Radical Honesty

Authenticity, radical honesty, and simply put in the author’s own word: brutiful – Glennon Doyle Melton’s Love Warrior is sitting with a bookmark half way through it’s pages, begging me to finish it.

Seriously.

It is SO raw and honest. I’ve laughed. I’ve cried. Reading this feels like when you stare directly into the sun. It’s piercing honesty will force you to set it down, simply to digest it before picking back up again. Her response of “how was your day” with 3 children left me open-mouthed, marveling at how brave she is to bare it all. It’s against the rules to say this stuff out loud. We are supposed to “cherish every moment” while raising our kids. Aren’t we?

B.S.

Not every moment is Instagrammable. Some of them down right suck.

“It was the best of times and the worst of times. I was both lonely and never alone. I was simultaneously bored out of my skull and completely overwhelmed. I was saturated with touch – desperate to get the baby off of me and the second I put her down I yearned to smell her sweet skin again. This day required more than I’m physically and emotionally capable of, while requiring nothing from my brain. I had thoughts today, ideas, important things to say and no one to hear them.

I felt manic all day, alternating between love and fury. at least once an hour I looked at their faces and thought I might not survive the tenderness of my love for them. The next moment I was furious. I felt like a dormant volcano, steady on the outside but ready to explode and spew hot lava at any moment. And then I noticed that Amma’s foot doesn’t fit into her Onsie anymore, and I started to panic at the reminder that this will be over soon, that it’s fleeting-that this hardest time of my life is supposed to be the best time of my life. That this brutal time is also the most beautiful time. Am I enjoying it enough? Am I missing the best time of my life? Am I too tired to be properly in love? That fear and shame felt like adding a heavy, itchy blanket on top of all the hard.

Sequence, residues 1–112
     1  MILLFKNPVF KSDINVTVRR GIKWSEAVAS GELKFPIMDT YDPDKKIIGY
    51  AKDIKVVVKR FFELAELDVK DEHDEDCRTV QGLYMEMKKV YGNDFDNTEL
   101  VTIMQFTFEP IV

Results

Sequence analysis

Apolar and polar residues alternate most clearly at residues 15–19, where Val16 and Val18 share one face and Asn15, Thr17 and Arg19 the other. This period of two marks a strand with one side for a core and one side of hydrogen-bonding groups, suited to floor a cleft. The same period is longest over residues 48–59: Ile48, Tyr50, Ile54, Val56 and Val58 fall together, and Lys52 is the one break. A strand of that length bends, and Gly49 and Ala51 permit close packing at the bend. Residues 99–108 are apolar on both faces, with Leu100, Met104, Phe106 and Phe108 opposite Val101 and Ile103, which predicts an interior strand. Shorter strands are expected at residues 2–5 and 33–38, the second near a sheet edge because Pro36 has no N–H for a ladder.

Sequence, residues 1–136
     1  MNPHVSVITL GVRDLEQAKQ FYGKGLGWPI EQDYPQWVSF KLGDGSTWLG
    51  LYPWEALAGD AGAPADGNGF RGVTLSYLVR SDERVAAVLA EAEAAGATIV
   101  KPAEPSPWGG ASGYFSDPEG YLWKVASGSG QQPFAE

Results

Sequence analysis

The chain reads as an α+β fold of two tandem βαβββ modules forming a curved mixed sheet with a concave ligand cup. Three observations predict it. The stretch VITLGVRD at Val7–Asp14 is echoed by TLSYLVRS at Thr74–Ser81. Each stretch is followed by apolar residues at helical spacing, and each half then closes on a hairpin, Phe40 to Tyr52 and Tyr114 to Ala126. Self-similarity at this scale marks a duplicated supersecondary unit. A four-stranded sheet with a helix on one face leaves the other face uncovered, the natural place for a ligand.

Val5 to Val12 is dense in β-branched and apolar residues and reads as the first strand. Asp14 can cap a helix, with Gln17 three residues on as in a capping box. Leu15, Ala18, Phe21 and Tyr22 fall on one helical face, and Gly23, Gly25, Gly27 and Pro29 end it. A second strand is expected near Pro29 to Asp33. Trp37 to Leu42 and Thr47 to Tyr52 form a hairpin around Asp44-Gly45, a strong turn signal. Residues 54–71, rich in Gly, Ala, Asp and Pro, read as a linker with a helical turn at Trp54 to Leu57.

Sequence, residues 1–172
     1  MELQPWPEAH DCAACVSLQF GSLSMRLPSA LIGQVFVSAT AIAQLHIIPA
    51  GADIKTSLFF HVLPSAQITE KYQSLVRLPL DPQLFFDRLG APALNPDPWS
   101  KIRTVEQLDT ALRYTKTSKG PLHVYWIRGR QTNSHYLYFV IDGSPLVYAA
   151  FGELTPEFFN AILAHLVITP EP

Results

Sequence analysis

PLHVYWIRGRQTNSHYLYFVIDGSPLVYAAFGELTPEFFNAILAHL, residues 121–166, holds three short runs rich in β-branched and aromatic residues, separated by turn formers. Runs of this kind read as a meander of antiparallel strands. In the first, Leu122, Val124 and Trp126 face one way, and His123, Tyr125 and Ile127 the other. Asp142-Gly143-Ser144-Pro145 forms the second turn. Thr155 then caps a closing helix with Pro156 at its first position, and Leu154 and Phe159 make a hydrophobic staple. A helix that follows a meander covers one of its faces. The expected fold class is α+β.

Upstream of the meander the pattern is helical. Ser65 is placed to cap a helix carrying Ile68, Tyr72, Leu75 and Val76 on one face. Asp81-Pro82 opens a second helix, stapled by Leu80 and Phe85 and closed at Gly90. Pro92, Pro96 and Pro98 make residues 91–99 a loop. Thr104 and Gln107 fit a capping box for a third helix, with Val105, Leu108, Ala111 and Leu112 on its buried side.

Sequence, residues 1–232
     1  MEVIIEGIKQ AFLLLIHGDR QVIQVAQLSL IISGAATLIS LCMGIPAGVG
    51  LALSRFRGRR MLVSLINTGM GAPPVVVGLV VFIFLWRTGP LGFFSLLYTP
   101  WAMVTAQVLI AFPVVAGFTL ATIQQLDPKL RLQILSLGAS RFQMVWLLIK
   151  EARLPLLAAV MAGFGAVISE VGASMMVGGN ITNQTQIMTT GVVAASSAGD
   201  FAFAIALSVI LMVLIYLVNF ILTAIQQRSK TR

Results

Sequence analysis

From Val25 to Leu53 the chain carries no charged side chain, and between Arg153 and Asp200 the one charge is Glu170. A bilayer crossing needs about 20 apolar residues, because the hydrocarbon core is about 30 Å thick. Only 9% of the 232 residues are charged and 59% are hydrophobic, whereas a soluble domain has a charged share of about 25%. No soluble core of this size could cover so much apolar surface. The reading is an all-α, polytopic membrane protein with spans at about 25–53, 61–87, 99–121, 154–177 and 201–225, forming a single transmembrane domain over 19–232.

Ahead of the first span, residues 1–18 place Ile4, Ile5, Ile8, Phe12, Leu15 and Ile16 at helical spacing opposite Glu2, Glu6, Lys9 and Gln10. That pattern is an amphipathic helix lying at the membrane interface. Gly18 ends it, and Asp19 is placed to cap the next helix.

But I’m not complaining, so please don’t try to fix it. I wouldn’t have my day or my life any other way. I’m just saying – it’s a hell of a hard thing to explain – an entire day with lots of babies. If’s far too much and not even close to enough.

But I’m too tired to say any of this. I’m a windup doll that’s run out. So I just say, ‘Our day was fine.'”

-Glennon Doyle Melton, from Love Warrior

How often do we respond with, “I’m fine”? And how often are we not fine at all?

While not all the specific parts of her life are necessarily universal, most are symptoms masking the truths which are; shame, vulnerability, worthiness, etc.

I am a huge fan of Brene Brown. What she discusses in terms of shame and vulnerability in an academic way from the viewpoint of a researcher, Glennon “does her research in the field”. If you have read Brown’s work or seen her TedTalk, you need to know Glennon Doyle Melton.

I’m going to go finish my copy while you go purchase yours!

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Shame Gremlins

Brene Brown discusses in her book Daring Greatly the difference between shame and guilt. Guilt is about feeling bad about something done, while shame is feeling bad about the self.

Being very goal-oriented this deployment, I’ve set my sights on getting my group training certification, my spin certification, as well as running in various races and mud runs. This idea of shame keeps creeping up…enter the shame gremlins. Dr. Brown also discusses the fact that for shame to sit and fester, one has to keep quiet and keep these things secret. To dissolve shame’s power, it has to be brought out into the open.

Here are what the gremlins are saying:

“Who do you think you are? You think YOU can be a fitness instructor?!”

“You don’t follow through anything. You won’t finish it.”

“Who is going to come to you? You don’t look like an instructor!”

“What if you don’t pass the test?”

And my personal favorite:

“You aren’t good enough.”

 

So how do I combat these shame gremlins? Well, I’m calling them out. Here. Right now. Speaking out and answering back:

“I AM doing it.”

“I have been heavy, I know how hard it is to struggle with weight, food, and exercise. That makes a person relatable.”

“I finished a marathon. The person that started that race was not the same person who crossed that finish line. I am not a quitter.”

“I’ll take the test again.”

“I am enough. Watch me.”

We all deal with shame and insecurities. It’s part of this whole being human thing. How do you shut up the shame gremlins?